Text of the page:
How to Get Your Landlord to Take You Seriously
From the old cities of the East with high-rise apartments in shoddy conditions, to small college towns in the Midwest with rental homes that haven’t seen an ounce of remodeling or repair since the home was built, to rental units that must endure the long, fierce summers of the Southwest, and the moisture-ridden dwellings of the Pacific Northwest—there isn’t a region in the United States that is exempt from the renter’s nightmare scenario.
Broken appliances, heating and cooling systems, plumbing, electrical and anything and everything that can go wrong with a home or apartment is something that can happen. Rental units that appear immaculate during the move-in process are far from immune to the scores of home maintenance repairs that every single building must endure. Hopefully, you’re fortunate enough to find a landlord who is willing to keep the unit in good condition and make repairs as needed. If not, you have recourse. Whether your unit is uninhabitable from heating, cooling, electrical or has a broken appliance, holes in the drywall or a pest problem, you need not suffer endlessly.
Chain of Commands: Ask, Demand, Act
There is no reason to be confrontational at the outset of a problem. Contact your landlord and plainly state the problem you’re having with your rental unit. The telephone may be the most efficient way, but email works well in the sense that you’ll have a built-in record of the request. One of four possible outcomes will result from this request: the landlord fixes the problem, actively refuses to fix the problem, ignores the request, or says he or she will fix the problem but then fails to do so.
If the problem isn’t fixed in a reasonable amount of time, you need to approach your landlord again. This time, be sure to create a paper trail that, in a worst-case scenario, can be presented in a court setting. Explain what is wrong with the unit, to the best of your knowledge what caused this problem, clearly give your landlord a reasonable ultimatum to remedy the situation and explain what you will do if the landlord continues to ignore the problem.
Possible courses of action that you can take if you still haven’t received a satisfactory response include finding a renter’s association or local housing authority to mediate for you, seeking judicial assistance in getting the unit repaired, and having the problem fixed yourself and sending the bill to your landlord.
Proportional Response: Measure the Problem, Size Up the Landlord
If this summary of dealing with your landlord sounds vague, there is a good reason for this. The situation will play a large role in the exact timeline and how confrontational you should appear. Having your furnace or heating system fail in January can register as a true emergency that, by law, the landlord must fix within 24 hours of notification. Minor cracks in the drywall or a clogged garbage disposal, by contrast, don’t rank as emergency repairs. You should also take into account your landlord’s track record or for new landlords, the general vibe you got from signing the lease and moving in. If you have an uneasy feeling, you might consider being more stern during your initial approach.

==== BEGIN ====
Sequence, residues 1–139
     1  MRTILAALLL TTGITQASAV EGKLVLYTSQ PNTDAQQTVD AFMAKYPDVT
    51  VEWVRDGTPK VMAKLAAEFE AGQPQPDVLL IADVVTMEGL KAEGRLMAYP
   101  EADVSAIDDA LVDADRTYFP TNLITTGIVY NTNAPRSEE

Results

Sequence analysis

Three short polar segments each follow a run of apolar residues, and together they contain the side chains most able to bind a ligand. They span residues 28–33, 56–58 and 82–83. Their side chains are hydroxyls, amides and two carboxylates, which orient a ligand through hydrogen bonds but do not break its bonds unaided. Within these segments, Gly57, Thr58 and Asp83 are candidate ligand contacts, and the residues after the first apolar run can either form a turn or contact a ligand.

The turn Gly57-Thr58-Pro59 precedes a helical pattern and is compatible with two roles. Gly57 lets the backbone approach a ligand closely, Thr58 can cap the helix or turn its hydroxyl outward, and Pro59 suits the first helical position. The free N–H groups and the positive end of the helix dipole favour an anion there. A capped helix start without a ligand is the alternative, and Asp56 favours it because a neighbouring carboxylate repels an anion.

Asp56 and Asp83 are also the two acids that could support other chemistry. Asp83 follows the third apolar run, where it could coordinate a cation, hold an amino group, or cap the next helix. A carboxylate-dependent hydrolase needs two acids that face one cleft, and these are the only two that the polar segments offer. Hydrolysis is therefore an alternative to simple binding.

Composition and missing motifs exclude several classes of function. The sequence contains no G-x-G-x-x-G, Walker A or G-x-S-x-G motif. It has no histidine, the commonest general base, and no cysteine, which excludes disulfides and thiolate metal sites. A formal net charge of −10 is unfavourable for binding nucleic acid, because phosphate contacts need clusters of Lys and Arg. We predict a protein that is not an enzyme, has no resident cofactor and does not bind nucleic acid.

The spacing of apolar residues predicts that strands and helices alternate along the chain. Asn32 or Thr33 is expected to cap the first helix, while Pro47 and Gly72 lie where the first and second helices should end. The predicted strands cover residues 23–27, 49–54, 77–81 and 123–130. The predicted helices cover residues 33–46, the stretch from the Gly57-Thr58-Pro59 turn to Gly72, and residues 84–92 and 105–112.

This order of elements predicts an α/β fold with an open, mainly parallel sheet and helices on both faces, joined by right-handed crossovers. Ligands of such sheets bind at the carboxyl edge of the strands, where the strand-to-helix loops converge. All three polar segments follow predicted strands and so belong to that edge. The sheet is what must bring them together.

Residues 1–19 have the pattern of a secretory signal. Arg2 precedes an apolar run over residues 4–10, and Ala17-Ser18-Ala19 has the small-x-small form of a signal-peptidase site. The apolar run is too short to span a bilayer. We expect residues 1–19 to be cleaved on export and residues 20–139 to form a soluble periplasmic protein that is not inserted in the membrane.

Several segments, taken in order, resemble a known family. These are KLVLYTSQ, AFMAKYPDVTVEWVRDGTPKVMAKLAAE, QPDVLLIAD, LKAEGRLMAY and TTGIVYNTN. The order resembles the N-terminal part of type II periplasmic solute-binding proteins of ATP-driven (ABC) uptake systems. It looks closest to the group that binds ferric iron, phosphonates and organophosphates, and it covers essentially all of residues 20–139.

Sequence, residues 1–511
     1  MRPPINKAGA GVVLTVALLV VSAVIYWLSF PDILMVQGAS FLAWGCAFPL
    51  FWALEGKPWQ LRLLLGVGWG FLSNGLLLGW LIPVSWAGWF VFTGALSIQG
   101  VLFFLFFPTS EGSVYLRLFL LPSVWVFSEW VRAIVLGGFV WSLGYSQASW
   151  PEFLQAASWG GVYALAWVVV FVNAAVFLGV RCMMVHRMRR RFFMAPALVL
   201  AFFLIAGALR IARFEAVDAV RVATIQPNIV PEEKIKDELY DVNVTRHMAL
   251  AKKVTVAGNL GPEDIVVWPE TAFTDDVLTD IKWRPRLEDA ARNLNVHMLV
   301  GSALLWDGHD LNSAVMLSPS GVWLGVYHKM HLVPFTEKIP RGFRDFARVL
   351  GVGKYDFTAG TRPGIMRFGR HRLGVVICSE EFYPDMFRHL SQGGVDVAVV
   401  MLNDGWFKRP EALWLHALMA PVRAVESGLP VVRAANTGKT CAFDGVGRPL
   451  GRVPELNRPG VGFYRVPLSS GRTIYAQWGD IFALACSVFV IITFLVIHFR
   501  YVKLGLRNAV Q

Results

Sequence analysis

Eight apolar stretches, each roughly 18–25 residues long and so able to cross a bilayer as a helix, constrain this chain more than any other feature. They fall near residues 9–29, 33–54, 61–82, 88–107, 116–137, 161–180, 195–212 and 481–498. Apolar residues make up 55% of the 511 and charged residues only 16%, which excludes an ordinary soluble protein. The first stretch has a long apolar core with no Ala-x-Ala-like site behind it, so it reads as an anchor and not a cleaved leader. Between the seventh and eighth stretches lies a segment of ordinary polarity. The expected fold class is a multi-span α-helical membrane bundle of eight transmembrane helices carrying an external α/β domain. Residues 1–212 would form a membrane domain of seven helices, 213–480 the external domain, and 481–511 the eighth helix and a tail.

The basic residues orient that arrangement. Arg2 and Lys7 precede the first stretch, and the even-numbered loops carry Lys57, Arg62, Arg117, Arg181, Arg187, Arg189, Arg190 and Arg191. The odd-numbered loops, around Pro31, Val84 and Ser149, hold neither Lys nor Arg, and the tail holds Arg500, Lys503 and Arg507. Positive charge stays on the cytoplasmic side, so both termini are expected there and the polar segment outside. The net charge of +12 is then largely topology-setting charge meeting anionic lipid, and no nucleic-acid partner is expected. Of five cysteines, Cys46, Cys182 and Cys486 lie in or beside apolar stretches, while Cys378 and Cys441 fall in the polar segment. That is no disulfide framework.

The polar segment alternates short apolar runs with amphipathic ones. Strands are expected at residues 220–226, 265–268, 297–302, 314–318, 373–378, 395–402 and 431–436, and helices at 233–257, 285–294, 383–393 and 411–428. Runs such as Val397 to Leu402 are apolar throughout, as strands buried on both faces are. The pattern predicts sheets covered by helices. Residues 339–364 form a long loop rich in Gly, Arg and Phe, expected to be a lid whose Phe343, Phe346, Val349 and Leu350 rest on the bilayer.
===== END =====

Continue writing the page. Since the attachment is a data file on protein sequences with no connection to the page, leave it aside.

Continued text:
Of course, the best thing to do is to try to identify and avoid negligent landlords from the start. In the case of an individually managed property, you should meet and discuss the lease before it’s signed. This will allow you to build a rapport with your landlord. If you can generate the impression that you’re a stand-up person, you may be able to get some leniency from your landlord from time to time or garner privileges such as being able to paint your new apartment the color you want. For a property management company, you should take a look at online reviews. Few companies will receive perfect marks, but you can also easily identify the worst offenders in your area.
Why Scribes Rule the World: Make a Record
The golden rule of dealing with landlords is to keep a paper trail of everything. Although you never hope it comes to this, many disputes must be settled through renters’ associations, local housing authorities or small claims courts. In essentially every case, your ability to produce legitimate documentation of your landlord’s offenses against your rights as a tenant will determine the outcome of these proceedings.
In some cases, you can even game the system to your advantage. One renter from Chicago recounted this anecdote. “I had a door that was out of jamb. I sent my landlord an email and made a copy. He didn’t respond. A few days later, I sent him a notarized letter, formally asking him to have the door fixed. I waited two weeks and then had a friend of mine, who had owned a small handyman business, fix the door. He didn’t charge me, but I gave him a beer in exchange for a receipt for $125. I made a copy of the receipt and submitted it with the next month’s rent with a rent check that reflected the difference. So, then, the landlord tries to sue me for the rent money, and the judge looked at the notarized letter and the receipt and upheld my actions.”
While few renters are in a position to duplicate this piece of deception, creating the same, solid paper record and hiring a professional contractor will often yield a similar result in terms of getting your rental unit fixed. Keep in mind, however, that this only applies to reasonable repairs and will vary from state-to-state and, possibly even, from judge to judge. Certainly, you can’t simply claim taupe walls as a decorating grievance, paint your interior neon pink, and subtract the paint store receipts from your rent.
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